|Years old:||I am 22|
From tocommercials 1—3 have been promoting the product as a method to achieve a better life. The lighter skin tone of women is highly desired when it comes to being a nice bride material Thappa and Malathiwhich has a lot to do with the gender norms of the traditional Indian society. Like van Dijk, the focus of the investigation is based on the context. Now the question arises as to why these commercials are ificant for this critical investigation? The commercials are very explicit.
The sight of an indian woman in the company of a man of another race seems to bring out the worst in her countrymen.
Broad transcription of the English translation for every commercial is in Appendix I. Moreover, some Indian matrimonial advertisements from two majorly circulated English newspapers have also been included in Appendix II to show how the term fair frequently appears to describe attractiveness or desirability in the context of matrimonial newspaper advertisements, which is indicative of how fairness is a must-have quality to conform to the culturally enforced attractiveness standards of contemporary Indian society. The Indian constitution dictates that the democracy be run by the rationale of equality and not by the equation of caste, creed, and religion.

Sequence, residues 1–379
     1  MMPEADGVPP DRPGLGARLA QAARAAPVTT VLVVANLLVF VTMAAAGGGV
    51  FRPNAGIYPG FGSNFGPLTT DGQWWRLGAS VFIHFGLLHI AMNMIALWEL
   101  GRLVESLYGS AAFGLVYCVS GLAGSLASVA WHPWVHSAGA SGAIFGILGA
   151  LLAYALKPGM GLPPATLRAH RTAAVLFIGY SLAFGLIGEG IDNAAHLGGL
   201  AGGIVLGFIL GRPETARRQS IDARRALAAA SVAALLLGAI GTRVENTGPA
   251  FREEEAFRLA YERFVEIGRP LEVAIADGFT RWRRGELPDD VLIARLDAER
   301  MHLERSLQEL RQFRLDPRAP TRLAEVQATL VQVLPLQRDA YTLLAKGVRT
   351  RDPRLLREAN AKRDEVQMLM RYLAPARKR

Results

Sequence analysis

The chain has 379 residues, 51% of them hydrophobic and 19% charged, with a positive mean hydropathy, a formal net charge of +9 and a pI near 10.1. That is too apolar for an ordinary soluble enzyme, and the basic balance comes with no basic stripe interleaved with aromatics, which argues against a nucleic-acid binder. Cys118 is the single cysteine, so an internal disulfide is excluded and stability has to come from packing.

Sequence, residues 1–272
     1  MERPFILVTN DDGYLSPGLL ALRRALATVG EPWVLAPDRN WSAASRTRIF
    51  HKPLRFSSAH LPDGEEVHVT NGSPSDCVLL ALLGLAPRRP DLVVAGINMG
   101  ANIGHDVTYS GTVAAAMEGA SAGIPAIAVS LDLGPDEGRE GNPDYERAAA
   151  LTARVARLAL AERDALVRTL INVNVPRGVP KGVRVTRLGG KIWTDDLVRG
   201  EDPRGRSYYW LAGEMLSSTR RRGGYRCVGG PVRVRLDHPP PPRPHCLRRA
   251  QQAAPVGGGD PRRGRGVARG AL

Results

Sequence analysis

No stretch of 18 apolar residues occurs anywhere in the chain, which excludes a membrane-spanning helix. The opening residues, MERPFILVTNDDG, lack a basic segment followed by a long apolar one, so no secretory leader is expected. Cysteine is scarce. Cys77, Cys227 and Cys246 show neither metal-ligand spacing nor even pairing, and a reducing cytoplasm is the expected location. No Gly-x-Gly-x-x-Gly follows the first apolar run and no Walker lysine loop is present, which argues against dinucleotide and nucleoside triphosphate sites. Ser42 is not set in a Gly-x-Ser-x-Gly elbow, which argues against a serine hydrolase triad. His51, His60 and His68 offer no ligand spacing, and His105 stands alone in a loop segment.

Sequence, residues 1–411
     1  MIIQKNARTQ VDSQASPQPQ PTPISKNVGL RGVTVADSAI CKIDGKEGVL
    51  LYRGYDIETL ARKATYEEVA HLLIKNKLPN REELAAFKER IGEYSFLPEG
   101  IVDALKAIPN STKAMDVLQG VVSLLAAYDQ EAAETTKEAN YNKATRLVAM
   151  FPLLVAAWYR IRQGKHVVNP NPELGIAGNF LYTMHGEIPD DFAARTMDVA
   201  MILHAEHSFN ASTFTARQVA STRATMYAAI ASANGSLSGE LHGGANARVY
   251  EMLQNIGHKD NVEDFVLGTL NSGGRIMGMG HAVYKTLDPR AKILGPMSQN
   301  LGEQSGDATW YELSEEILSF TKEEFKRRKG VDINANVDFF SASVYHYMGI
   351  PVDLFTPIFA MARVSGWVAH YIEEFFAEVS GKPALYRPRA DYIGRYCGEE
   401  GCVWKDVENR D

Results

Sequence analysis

TV stars or models endorsing beauty products are nothing new. Like Fairclough, the methodology and analysis take into consideration the relation between social practices and inherent dominance. Thus, in the colonial era, people with lighter skin tone felt privileged, and people looked up to the lighter skin tone of the rulers, which created the divide based on skin tone.
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Rajesh : para. Since English is one of the official and most commonly used languages in India, the frequent use of English is not surprising to connect with the general masses. As far as the sociocultural context of India is concerned, the astonishing thing is, love for fairness is prevalent in the world and lifestyle of women, both in rural and in urban areas. So, once the dark-skinned protagonists in commercials start using the particular product, life becomes better. These commercials were found after an exhaustive electronic search and were available on YouTube.